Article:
Here are a few Check Points for your consideration:

  • Which of your executives most personifies your core values?
  • Should “value personification” be a criterion for executive bonuses?
  • Are there any executives whose behavior is so counter to your values that it is time for them to go?

SHIFTPOINTS® develops high-performance executive teams - because you can't win without one.

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07-27-20

Are your Executives a Group or a Team?

Alignment-Starts-at-the-Top-LinkedIn-Post-3 

Every organization has a group of senior executives.

Winners win because their executives work as a high-performance team.

There is a big difference between a group of executives and an executive team.

Groups of executives sit in the same room and present PowerPoint slides to each other. But people just pretend to listen, and are probably checking email or playing Angry Birds.

In contrast, high-performance executive teams have a shared vision, common goals, high accountability, and demonstrate a “we before me” attitude.

So, is your senior leadership a group or a team?

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SHIFTPOINTS®  helps companies unleash the accelerating power of alignment. 

Because alignment is the ultimate competitive advantage.

06-18-20

HOW MCKINSEY UNLEASHED THE ACCELERATING POWER OF ALIGNMENT

LinkedIn-PostMcKinsey

Note:  This is an excerpt from my latest book, Drive One Direction: How to Unleash the Accelerating Power of Alignment. In the EveryOne chapter, we highlight companies who unleashed the accelerating power of alignment with an intense focus on talent management disciplines.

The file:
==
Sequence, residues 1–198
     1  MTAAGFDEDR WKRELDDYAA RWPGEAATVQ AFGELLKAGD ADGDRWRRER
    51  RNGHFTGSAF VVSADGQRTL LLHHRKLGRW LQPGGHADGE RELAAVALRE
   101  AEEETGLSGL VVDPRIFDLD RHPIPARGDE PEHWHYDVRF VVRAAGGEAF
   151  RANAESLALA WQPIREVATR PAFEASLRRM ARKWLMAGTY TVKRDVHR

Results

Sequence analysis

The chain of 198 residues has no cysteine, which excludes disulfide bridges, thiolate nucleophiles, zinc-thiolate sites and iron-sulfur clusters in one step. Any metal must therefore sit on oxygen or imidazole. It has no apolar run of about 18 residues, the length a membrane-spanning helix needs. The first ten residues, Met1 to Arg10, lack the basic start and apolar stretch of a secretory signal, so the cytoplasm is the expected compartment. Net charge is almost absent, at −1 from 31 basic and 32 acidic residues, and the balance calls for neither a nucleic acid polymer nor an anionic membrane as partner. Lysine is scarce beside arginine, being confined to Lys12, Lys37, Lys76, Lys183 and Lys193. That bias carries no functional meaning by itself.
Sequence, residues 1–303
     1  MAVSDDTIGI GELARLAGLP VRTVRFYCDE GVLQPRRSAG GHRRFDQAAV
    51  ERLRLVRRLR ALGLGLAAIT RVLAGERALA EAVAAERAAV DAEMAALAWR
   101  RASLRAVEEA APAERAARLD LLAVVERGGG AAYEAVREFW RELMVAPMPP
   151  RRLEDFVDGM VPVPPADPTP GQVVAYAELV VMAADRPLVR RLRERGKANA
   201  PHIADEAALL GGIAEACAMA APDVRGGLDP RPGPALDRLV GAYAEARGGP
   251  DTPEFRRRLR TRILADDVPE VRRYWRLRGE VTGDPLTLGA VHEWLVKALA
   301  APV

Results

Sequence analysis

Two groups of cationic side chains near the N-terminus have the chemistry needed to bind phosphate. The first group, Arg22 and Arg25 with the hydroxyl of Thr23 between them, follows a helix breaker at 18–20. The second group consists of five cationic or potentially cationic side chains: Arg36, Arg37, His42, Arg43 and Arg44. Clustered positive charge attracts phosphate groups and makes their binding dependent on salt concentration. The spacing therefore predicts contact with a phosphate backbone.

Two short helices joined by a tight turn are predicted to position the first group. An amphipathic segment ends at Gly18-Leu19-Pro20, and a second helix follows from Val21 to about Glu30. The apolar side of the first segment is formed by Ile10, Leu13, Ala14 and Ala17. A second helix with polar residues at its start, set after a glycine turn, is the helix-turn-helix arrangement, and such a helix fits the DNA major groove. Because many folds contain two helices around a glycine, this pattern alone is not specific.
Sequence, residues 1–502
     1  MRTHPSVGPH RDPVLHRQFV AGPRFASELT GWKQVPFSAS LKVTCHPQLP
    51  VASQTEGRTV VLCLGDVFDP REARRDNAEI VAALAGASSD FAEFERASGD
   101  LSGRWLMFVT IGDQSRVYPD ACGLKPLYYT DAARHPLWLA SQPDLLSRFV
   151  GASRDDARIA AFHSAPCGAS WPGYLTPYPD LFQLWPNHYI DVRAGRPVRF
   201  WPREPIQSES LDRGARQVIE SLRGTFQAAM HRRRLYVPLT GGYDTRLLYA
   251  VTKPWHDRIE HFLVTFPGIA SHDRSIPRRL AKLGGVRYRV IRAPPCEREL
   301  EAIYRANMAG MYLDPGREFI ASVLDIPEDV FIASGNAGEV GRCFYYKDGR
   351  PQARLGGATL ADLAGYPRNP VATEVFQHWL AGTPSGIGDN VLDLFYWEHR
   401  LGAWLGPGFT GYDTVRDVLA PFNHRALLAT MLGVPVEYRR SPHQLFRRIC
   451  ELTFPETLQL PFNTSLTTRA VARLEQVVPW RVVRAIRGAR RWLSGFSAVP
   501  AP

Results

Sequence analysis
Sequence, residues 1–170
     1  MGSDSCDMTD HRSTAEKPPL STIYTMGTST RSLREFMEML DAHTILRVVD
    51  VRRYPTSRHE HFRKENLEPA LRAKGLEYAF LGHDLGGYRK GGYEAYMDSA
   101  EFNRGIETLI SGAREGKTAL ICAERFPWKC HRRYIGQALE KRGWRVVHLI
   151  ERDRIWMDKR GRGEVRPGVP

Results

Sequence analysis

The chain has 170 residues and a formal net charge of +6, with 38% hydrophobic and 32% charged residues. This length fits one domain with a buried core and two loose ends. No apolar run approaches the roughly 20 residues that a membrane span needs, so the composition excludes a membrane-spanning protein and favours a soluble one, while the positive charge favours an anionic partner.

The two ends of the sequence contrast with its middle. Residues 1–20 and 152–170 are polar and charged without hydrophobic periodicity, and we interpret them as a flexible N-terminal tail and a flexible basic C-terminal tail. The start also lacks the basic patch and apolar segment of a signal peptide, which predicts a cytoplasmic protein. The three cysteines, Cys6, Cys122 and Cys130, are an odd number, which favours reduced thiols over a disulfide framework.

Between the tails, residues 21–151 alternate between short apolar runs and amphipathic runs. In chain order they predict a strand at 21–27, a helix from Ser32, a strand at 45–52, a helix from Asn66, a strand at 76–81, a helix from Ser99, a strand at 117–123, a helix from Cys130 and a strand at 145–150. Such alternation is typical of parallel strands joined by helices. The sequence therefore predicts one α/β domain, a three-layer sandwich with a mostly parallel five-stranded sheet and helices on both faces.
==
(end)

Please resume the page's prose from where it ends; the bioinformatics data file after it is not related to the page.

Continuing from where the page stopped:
McKinsey (www.mckinsey.com) is a global management consulting firm with 22 industry practices, over 12,000 consultants, 2,000 research and information professionals, and offices in 120 cities around the world.

Each year, they set aside One Day to reflect on their core values.

Here is how McKinsey describes their firm, “We are a values-driven organization. The values inform both our long-term strategy as a firm and the way we serve our clients on a daily basis.”

Every company has values, but only a small subset claim that they are driven by them.

But consider McKinsey. Not only do they claim to be “values-driven,” each year the entire firm takes one entire day to reflect on their values.

McKinsey makes a huge investment in Values Day. If you assume that the average billing rate for their 12,000 consultants is $500 per hour (which is probably low), the investment is in the $50M range!

How many companies do you know that believe in their values enough to invest $50M a year in them?

And if you are going to invest that kind of time and money, your values better be worth it. For your reflection, here are McKinsey’s:

Adhere to the highest professional standards

  • put client interests ahead of the firm’s
  • observe high ethical standards
  • preserve client confidences
  • maintain an independent perspective
  • manage client and firm resources cost-effectively